The Urban Wildlife Series takes a look at wildlife we share our city with. This is the fourth in a series. You can view the others, as they are added, by clicking here.
When we moved in here, I was really excited as being on the ground floor meant I could install a little water feature on our patio and I had a vision of a miniature fish pond – apartment style of course, but a fish pond nonetheless – with burbling water and maybe some potted bamboo and perhaps a lily or two. But then my husband, a landscaper at the time who was well versed in water features, vetoed my plans because he knew from experience it would attract raccoons. And raccoons love tasty fish buffets almost as much as my dog.
We do have a family of raccoons who live somewhere in our close vicinity, and I see them with enough regularity that I feel a bit protective of. I get a bit of a thrill every time I see them wandering and I feel like they are “our” raccoons and while I won’t go so far as to feed them (see below for the why not), I do chat with them and say hello. Crazy raccoon lady? Perhaps. I really love raccoons. I love their human-esque paws, and their little El Bandito masks, and their pokey little snouts.
A few facts:
Raccoons prefer hardwood forest areas near water – and “water” can mean a bowl full of water on your patio for your dog, or a raging river. They den in hollow trees, ground burrows, brushpiles, barns and other buildings, and rock crevices. Raccoons are omnivorous, meaning they will eat whatever comes their way, including eggs, berries, fish, snakes, garden grubs… you name it. It’s been my experience they are also fans of household garbage, especially things that may have at one time contained cheese. One litter of 3-5 kits is raised per year, and most litters are born around this time of year (April-May) although it’s not totally uncommon for babies to be born a bit later in the year – June, July, or August. Raccoons are nocturnal, and I most commonly seem to see them at dawn and dusk as their busy days are just starting or ending. Like my friends, the skunks, they do not truly hibernate, but they do “hole up” in dens and become inactive during severe winter weather. They have been known, again, like my friends the skunks, to bunk down with more than one family. While raccoons are not normally aggressive and rarely injure people, they can be dangerous when threatened or cornered. They are wild animals and should be treated accordingly. A quick mention about rabies: while many parts of Canada list raccoons as a rabies risk, in BC, only bats are considered to carry rabies.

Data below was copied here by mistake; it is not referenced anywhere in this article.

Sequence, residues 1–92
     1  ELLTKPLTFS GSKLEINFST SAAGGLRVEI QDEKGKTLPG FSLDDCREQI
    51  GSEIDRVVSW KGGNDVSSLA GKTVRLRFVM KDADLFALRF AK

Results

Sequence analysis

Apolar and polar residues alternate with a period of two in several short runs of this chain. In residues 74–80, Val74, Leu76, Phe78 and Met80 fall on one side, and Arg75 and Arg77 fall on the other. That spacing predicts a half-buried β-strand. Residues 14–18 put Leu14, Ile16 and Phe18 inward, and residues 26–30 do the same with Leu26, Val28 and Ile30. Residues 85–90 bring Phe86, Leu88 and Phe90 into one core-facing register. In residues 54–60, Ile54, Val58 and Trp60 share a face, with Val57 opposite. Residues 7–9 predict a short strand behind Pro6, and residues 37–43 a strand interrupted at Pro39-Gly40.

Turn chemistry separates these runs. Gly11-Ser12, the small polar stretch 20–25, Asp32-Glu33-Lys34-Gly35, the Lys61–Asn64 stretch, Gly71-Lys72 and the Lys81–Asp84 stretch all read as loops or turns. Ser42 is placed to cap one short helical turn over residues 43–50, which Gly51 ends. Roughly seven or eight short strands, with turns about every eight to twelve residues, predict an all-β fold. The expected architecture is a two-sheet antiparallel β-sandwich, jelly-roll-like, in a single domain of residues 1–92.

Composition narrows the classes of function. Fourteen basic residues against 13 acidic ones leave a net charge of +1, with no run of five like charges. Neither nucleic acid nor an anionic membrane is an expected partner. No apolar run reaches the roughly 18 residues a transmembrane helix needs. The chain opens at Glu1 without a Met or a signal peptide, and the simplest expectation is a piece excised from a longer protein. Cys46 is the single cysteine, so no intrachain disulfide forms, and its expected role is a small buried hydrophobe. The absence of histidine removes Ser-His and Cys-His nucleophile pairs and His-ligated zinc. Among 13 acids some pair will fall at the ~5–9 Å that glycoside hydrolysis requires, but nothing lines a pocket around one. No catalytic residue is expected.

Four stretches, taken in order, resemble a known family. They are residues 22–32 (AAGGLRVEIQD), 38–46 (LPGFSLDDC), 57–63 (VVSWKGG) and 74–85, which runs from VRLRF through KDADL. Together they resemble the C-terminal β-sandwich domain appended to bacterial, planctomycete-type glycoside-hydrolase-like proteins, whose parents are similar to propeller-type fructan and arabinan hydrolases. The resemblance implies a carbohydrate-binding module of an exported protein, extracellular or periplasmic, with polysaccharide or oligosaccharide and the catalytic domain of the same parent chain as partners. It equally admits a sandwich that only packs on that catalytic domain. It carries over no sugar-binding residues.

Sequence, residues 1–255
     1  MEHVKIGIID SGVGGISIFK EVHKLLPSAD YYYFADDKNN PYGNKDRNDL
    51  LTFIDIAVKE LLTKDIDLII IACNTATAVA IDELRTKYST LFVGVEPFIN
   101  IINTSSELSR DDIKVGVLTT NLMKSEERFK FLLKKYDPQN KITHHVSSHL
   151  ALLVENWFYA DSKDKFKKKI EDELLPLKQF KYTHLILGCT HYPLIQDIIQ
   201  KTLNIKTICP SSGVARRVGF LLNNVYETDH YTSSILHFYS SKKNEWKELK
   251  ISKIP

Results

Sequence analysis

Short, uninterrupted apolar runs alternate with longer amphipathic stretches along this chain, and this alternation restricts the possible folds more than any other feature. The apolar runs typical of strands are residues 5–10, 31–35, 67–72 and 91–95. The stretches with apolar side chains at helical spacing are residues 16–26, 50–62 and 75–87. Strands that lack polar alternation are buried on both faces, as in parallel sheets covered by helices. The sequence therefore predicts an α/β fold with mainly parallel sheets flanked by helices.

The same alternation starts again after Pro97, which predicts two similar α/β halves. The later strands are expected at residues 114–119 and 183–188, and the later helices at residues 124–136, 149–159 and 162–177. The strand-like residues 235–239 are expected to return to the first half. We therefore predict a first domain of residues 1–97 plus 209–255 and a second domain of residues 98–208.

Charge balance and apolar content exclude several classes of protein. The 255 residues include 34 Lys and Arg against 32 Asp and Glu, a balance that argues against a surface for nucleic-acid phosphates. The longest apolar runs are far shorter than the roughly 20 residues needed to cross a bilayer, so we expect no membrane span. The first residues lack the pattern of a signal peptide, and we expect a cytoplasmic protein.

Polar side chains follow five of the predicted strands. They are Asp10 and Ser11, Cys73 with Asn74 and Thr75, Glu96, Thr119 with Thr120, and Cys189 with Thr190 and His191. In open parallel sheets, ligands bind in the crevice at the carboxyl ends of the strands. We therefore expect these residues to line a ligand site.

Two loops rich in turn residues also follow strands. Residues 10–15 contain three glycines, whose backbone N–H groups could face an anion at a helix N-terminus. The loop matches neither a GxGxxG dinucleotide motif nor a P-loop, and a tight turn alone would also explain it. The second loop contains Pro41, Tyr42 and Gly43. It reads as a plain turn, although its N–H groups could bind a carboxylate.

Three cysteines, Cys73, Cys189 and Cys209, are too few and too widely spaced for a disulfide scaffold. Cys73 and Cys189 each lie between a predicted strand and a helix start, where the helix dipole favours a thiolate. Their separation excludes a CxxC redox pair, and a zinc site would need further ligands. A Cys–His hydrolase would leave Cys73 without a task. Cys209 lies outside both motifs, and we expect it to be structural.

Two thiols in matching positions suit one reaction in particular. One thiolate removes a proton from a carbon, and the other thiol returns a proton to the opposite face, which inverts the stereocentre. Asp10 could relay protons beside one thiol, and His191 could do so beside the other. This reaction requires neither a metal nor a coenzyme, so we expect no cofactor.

Feeding raccoons (along with more or less any wild animal, including ducks) is a bad idea. Wild animals who are fed by humans come to depend on the humans for their food. They also lose a great deal of fear of humans, and can make rather incredible nuisances of themselves as they become more and more demanding (and lazy) about their food source. Not to mention that although urban raccoons consume a pretty high quantity of fatty, nutritionally-void garbage, humans electing to feed them “people food” can contribute to diseases, sicknesses, and potentially premature death in raccoons.
The Ministry of Environment, the governing body for wildlife, classifies raccoons as “Nuisance Fauna”. Raccoons are rather intelligent and have become adept at getting themselves into human places in search of food. Their latin name is procyon lotor, and “lotor”, the part of the name that indicates the species, means “the washer”. Raccoons have been observed dunking their food in water before eating it, and in an urban setting, a pretty little fish pond is a darn good pool of water for a raccoon. They also have a great deal of dexterity, and long slender digits they utilize for all sorts of things, including leaving prints in drying concrete.